Integration with third-party UEM tools, which Microsoft calls “co-existence,” results in SCCM going into a state where it can take no action on a device beyond imaging the device and providing a feed or inventory information to the third-party UEM, he says. That approach might face some challenges going forward due to the need for a Microsoft tool such as Intune to be present to help enable conditional access to Microsoft resources such as Exchange and SharePoint, Silva says. That could slow the migration for companies that are not all-in on Microsoft, he says.
Indeed, many Gartner clients are tapping the brakes on their move to UEM, Silva says. Some of those organizations that had planned to be “all UEM by 2020 are realizing that this approach invites a lot of additional work” such as modernizing applications and changing deployment processes, Silva says.
“It’s not that they’re backing off [UEM] entirely, but they’ve reassessed their approach and timeline. And in many cases [they] have given themselves extra time to get to UEM, realizing that a hard cut-over from traditional and key process steps like imaging a PC are not supported natively in many UEM tools.”
As with any workplace mobility initiative, Ovum’s Holtby says, a UEM initiative benefits from being championed by a centralized steering group or center of excellence that can help businesses realize value. IT needs to involve all major business units as part of this group.
Forrester’s Hewitt says the costs of mobility management platforms has remained relatively stable, with some decline for commodity mobility management features, especially as these platforms continue to embrace Android Enterprise as a standard. At the same time, “vendors have been increasing prices for UEM-like features [such as Windows 10 management] and other items like analytics,” he says.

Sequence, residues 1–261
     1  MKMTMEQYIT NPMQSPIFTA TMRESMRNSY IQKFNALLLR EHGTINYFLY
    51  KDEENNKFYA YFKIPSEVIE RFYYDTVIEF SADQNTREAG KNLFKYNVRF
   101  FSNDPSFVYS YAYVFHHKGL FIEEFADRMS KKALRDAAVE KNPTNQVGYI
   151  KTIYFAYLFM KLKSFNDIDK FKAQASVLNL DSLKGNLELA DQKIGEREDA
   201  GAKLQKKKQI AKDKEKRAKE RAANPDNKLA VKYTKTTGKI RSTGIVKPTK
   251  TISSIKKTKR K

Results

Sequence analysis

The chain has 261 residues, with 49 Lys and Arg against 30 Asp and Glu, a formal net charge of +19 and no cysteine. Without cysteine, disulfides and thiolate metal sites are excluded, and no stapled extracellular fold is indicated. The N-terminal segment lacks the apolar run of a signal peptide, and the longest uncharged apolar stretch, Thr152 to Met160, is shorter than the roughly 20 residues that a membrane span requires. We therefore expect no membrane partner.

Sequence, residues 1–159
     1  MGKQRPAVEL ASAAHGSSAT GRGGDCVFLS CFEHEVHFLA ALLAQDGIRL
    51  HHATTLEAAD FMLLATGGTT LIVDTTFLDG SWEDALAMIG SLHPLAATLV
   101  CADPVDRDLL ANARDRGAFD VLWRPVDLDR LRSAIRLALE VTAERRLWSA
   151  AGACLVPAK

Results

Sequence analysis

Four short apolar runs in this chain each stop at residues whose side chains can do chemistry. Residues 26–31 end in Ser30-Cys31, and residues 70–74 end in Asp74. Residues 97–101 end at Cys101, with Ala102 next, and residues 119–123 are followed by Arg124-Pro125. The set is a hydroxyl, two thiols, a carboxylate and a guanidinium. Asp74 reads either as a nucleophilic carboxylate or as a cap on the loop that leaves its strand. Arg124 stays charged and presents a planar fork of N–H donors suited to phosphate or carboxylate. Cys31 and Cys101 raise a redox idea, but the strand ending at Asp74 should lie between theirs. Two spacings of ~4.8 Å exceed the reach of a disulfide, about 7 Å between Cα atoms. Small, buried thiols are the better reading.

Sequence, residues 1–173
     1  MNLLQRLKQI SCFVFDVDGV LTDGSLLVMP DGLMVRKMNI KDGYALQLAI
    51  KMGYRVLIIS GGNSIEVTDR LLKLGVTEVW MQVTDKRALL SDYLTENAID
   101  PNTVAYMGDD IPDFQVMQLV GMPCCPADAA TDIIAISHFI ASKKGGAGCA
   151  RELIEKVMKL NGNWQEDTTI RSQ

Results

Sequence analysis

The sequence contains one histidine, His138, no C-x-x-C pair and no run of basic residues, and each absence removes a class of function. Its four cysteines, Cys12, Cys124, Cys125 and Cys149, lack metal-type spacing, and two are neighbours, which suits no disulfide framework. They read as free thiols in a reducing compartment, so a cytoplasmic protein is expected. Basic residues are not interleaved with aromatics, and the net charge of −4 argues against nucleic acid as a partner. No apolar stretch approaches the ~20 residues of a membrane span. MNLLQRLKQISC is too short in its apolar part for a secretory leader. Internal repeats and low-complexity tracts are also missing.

In terms of expanding mobile platform capabilities, feature additions at this point are largely minor “fit and finish” enhancements to handle specific capabilities or use cases for particular customer groups,” Silva says.
Gartner is seeing renewed interest from the endpoint management vendors on workplace Internet of Things (IoT), adding support for managing Raspberry Pi devices that might do anything from running a lightweight desktop thin client to acting as a DNS server or a smart appliance, Silva says.
Apple’s tvOS has also seen broader support among the platform vendors over the past year, and many might be looking to Amazon Alexa-enabled devices as the next frontier for workplace IoT, Silva says.
One expanding area of focus for mobility management platforms is analytics for functions such as app usage and security, Hewitt says. “Companies are looking for greater analytics to help guide mobility management decisions,” he says.
There’s a big focus on behavioral analytics for security reasons, Hewitt says. “Being able to baseline user behavior and track it for potential anomalies is a big target area,” he says. “Citrix has been doing this. There’s also a focus on end-user experience, usually on application usage and adoption. VMware has been doing this.”
Another area for analytics is coming from third parties such as Nexthink and Lakeside. “They do end-user experience analytics, looking at performance of devices and apps with the goal of quantifying and tracking end-user experience over time,” Hewitt says.
Another trend is toward browser-isolation technologies, which enable unmanaged devices to access software-as-a-service (SaaS) or other enterprise cloud services, Hewitt says. “We’ve also seen companies looking to use MDM-managed phones as a second [authentication] factor for [logging into] PCs and Macs,” he says.
As for what’s coming down the pipeline, “we’re starting to see more integration of dedicated threat detection capabilities for both mobile and desktop,” Hewitt says. “Mobile is farther along, but some vendors are starting to embed this for [desktop] client security too.”
Copyright © 2019 IDG Communications, Inc.